Windows 8 is turning out to be a misstep of unprecedented proportions. The fundamental problem, as many of us at InfoWorld have described repeatedly, is the Jekyll-and-Hyde nature of the Frankenstein interface. Clearly, with Windows sales heading deeply down and the entire PC hardware industry going with it, Microsoft had to do something. Relegating the old-fashioned Windows desktop to a tile on a new mobile phone app hasn't done the trick.
Or maybe we're all wrong and Windows 8 will breathe new life into the PC industry. In another six months, we should know for sure.
There's nothing inherently wrong with Windows 8 -- it's a noble (if flawed) attempt at bringing Windows into a more mobile future. There's plenty inherently wrong with Microsoft branding. When you bring the two together, the combination's absolutely lethal.
Please. I spent a whole day trying to come up with a worse name than "Windows RT." I couldn't do it. Microsoft could call the Metro-side-of-Windows-8-plus-Office-2013-RT just about anything, and it would be better than Windows RT.
So many people right now are so confused about the differences between Windows RT and Windows 8 that we won't hear the end of it for another decade -- or longer. Customers who buy a Windows RT tablet, thinking they were getting Windows, will be sorely upset. I bet the return rate for Windows RT tablets at the retail level goes well into double digits, simply because of the naming confusion.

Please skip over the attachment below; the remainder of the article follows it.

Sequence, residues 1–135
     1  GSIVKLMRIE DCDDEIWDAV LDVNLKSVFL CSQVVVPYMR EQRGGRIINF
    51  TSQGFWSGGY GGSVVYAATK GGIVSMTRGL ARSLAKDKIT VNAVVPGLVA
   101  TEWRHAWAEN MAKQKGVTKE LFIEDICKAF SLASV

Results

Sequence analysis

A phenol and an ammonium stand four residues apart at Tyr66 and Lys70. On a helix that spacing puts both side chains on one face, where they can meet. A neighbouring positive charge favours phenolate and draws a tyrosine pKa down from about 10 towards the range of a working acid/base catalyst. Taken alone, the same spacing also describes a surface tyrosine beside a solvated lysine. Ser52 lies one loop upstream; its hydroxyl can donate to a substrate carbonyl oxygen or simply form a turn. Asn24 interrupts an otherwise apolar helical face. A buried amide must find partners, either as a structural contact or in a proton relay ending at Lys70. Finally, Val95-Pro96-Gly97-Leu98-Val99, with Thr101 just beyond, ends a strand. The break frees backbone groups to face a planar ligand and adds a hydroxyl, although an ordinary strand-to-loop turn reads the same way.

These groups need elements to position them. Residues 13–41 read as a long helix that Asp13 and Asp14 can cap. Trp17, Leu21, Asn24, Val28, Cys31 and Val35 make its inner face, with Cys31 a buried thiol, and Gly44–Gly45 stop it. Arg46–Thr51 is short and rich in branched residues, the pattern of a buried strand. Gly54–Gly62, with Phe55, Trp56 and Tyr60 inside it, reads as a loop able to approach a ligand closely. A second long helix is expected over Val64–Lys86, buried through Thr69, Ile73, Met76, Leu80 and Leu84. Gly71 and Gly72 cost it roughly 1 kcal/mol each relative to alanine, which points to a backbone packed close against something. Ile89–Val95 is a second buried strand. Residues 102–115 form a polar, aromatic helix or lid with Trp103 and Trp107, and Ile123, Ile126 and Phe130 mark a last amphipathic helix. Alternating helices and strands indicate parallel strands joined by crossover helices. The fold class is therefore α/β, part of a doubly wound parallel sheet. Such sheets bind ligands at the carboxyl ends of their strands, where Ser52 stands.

Then there's Metro: immersive, Modern UI, Windows Store. I don't even know what to call it any more. I can imagine telling my Aunt Mildred that she needs to get a Modern UI Calculator from the Windows Store. I mean, Microsoft itself stopped using the term "UI" nearly a decade ago: It's always UX. You can call Metro apps "Windows Store apps," but not all apps in the Windows Store run on the Metro side (for example, Office 2013 is in the Windows Store). And not all Metro apps originate in the Windows Store -- the Metro Xbox Music app, for example, isn't really a Windows Store Xbox Music app because you don't download or install it from the Windows Store.
There's another Win8 branding inanity as predictable as tomorrow's sunrise. The next version of Windows will probably be called Windows 9 -- cool. Here's what I want to know: What will the next version of Windows RT be called? Windows 9 RT? Windows RT 2.0? Windows SU?
In the mid-1990s, Windows senior VP Jim Allchin and Internet Platform and Tools division senior VP Brad Silverberg crossed swords many times, with Silverberg pumping for faster expansion into the cloud and Allchin more intent on building on Windows' success. Allchin won, Silverberg left, and by 1999 the die had been cast.
In the mid-2000s, Windows president Steve Sinofsky and Microsoft Chief Software Architect Ray "of course we're in a post-PC world" Ozzie also had their differences of opinion, with Ozzie pushing hard to expand quickly in the cloud, and Sinofsky more intent on building on Windows' success. Sound familiar? Sinofsky won, Ozzie left, and by 2010, Microsoft had lost its second high-level visionary cloud advocate.
In the intervening 10 years, Microsoft embraced the cloud, but did so with one foot firmly entrenched in Windows and the other in Office. Innovative cloud designs, like Mesh, have been tossed aside, while me-too cloud products like SkyDrive garnered a big budget.
Microsoft's foray into the online advertising market, with the Bing search engine, hasn't gone particularly well in spite of Microsoft's successful attempt to stack the deck in Bing's favor on new Windows computers.
Perhaps the biggest cloud shortcoming for Microsoft, at least from a consumer point of view, is its inability to build an ecosystem that comes anywhere close to the Apple, Android, or even Amazon offerings. Apple's taken an enormous lead in the consumer cloud, with Android scurrying to catch up, and Microsoft not yet in the running.